I STRONGLY believe that you will be happy seeing this tutorial on the role of Creamy in Amma Darko’s novel, Faceless.
Once again, I give you a complete outline on the key points worth mentioning in an essay relating to the role of Creamy in Faceless, a novel by the Ghanaian author, Amma Darko.
Read also: The roles of Harvest FM and Sylv Po in Faceless
DISCLOSURE: This post may contain affiliate links from which I will earn a commission. READ FULL DISCLOSURE.
Who or what is Creamy?
Creamy is the name of the 1975 VW Beetle belonging to Kabria.
In Amma Darko’s novel, Faceless, Kabria is a career woman and wife of Adade and mother of Obea, Essie and Ottu.
This vehicle, Creamy, has actually been given to Kabria by Adade who had used it in its prime. At the start of the novel, therefore, Creamy can only be described as a vehicle which has seen better days. It is now old, cranky and one miserable assemblage of scrap metal.
“The car had been in and out of every kind of workshop from Abeka to Zongo so many times and undergone all kinds of clinical and plastic surgeries, that it seemed to have grown immune to both.”
Important attributes of Creamy
- The name Creamy is derived from the colour of the car.
It is Kabria who gave that name to the car and would have no one take it away by spraying it with any other colour.
- Creamy is unpredictable.
Creamy breaks down anytime, anywhere, mostly in places that cause huge embarrassment to Kabria and even her children.
A case in point is when Creamy suddenly breaks down in front of her children’s school gate one early morning. In fact, it is the old, unpredictable Creamy, not Adade’s brand new Toyota Corona, that carries the children to school each day throughout the week.
- Creamy never disappoints
Creamy may misbehave when Kabria least desires it but one thing you cannot take away from it is this: Creamy has been Kabria’s only dependable partner for a long time now. Day in day out, Creamy gets the children to school, gets Kabria to work, takes her to the Agbogbloshie Market and brings her back home safely.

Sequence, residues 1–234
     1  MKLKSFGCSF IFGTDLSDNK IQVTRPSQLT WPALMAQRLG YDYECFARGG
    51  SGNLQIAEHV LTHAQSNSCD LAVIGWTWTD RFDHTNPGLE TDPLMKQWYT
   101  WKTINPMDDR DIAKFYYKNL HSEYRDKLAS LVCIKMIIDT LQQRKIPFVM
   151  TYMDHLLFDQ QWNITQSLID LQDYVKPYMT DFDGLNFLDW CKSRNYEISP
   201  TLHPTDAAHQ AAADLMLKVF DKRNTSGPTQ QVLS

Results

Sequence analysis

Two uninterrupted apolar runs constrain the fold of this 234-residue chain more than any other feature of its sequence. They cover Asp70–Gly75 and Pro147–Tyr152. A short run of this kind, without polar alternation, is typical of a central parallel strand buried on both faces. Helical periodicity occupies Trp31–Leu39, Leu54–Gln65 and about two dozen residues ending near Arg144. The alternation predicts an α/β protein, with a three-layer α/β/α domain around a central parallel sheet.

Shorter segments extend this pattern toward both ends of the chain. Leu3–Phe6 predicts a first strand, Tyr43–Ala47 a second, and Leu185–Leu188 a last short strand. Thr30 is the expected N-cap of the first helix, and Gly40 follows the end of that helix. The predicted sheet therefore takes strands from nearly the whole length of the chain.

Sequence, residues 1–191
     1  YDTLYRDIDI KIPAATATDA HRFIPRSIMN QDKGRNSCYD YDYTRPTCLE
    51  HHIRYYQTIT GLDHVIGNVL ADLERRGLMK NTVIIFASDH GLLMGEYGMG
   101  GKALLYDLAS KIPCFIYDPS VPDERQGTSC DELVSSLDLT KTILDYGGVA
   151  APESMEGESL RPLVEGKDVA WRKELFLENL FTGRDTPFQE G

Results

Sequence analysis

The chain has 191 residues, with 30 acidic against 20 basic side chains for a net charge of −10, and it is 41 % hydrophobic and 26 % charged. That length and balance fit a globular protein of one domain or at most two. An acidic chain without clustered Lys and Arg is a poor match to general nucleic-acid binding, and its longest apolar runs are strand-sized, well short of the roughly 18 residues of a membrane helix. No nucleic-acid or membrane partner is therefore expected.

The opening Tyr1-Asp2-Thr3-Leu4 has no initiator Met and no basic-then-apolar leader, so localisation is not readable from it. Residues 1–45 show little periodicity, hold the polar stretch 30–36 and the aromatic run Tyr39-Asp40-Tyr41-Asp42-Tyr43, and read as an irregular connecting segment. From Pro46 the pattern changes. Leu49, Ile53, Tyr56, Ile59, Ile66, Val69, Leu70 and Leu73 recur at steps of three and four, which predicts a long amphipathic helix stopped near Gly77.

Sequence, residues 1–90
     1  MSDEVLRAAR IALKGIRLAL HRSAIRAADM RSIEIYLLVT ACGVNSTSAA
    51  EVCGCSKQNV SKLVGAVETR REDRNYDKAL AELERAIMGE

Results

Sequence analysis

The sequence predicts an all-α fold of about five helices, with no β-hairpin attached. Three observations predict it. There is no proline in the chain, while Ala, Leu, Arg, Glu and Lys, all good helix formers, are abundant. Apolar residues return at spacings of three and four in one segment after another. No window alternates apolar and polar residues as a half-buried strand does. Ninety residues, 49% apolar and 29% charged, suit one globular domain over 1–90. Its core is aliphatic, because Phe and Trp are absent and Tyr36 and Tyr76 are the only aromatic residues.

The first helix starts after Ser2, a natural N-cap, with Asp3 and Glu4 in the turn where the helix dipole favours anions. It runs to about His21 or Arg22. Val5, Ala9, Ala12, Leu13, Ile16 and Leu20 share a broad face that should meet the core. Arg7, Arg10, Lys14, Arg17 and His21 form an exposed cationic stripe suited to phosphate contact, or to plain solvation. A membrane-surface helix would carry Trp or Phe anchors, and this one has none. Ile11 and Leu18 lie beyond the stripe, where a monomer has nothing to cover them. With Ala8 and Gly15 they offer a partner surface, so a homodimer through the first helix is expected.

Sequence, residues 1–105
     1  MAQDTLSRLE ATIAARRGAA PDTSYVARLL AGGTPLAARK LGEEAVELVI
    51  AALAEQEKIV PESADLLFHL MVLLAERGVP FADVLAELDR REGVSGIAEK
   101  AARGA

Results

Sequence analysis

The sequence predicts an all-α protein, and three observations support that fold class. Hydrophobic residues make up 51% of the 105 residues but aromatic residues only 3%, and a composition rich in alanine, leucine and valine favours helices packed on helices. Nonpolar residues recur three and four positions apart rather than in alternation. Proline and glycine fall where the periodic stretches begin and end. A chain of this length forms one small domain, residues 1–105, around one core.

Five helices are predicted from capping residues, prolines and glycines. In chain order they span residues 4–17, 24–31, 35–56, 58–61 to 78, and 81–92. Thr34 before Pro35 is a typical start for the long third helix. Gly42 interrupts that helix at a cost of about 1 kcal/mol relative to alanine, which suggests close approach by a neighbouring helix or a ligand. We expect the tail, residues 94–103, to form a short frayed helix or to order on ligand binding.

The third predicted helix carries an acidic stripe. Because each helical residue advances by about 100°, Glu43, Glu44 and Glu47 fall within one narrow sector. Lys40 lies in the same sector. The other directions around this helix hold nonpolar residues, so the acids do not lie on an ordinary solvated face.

The relationship between Creamy and Kabria
- Kabria is deeply attached to both Creamy, the car and Creamy the name.
That is why she stood her ground when Adade tried to make her spray it with a different colour.
“How do I call my Creamy, Creamy, after it has been sprayed this metallic sea blue?” Kabria cries out in despair.
One wonders if Kabria can truly let go of this car even if she has the opportunity to acquire a newer, stronger and more reliable one.
- Kabria treats Creamy as if it were human.
One proof of this is how she speaks to the car, even if just in her mind so nobody can hear her:
“Did you have to go off like this right in front of their school gate?”
Another proof is the way Kabria easily blames Creamy for her lateness to work. Thus, Creamy has become a convenient scapegoat anytime Kabria is late to work. Dina, Kabria’s boss, has heard so much of Creamy always made to carry the blame of Kabria’s troubles that she once remarks:
“If Creamy could talk, it would always be fighting you. You push everything down its throat.”
And Vickie, Kabria’s co-worker, cannot agree more:
“Kabria, we know you too well. Even if you go and knock down some groundnut seller’s wares at Makola Square, you would find a way to put the blame on Creamy.”
- The relationship between Creamy and Kabria is, therefore, a love-hate relationship.
Creamy is loved by Kabria, despite all the trouble it keeps causing her. But at the same time, Creamy – both the name and the vehicle – is one car Kabria will not have anyone easily take away from her.
The role of Creamy in the novel, Faceless
Creamy plays an important role in Kabria’s personal life, her work life as well as in the lives of her children and the entire Adade family.
Creamy also is of artistic importance in the novel, Faceless. It has a role to play in the development of at least one theme and also in the development of the plot of Faceless.
Now let’s take these, one at a time.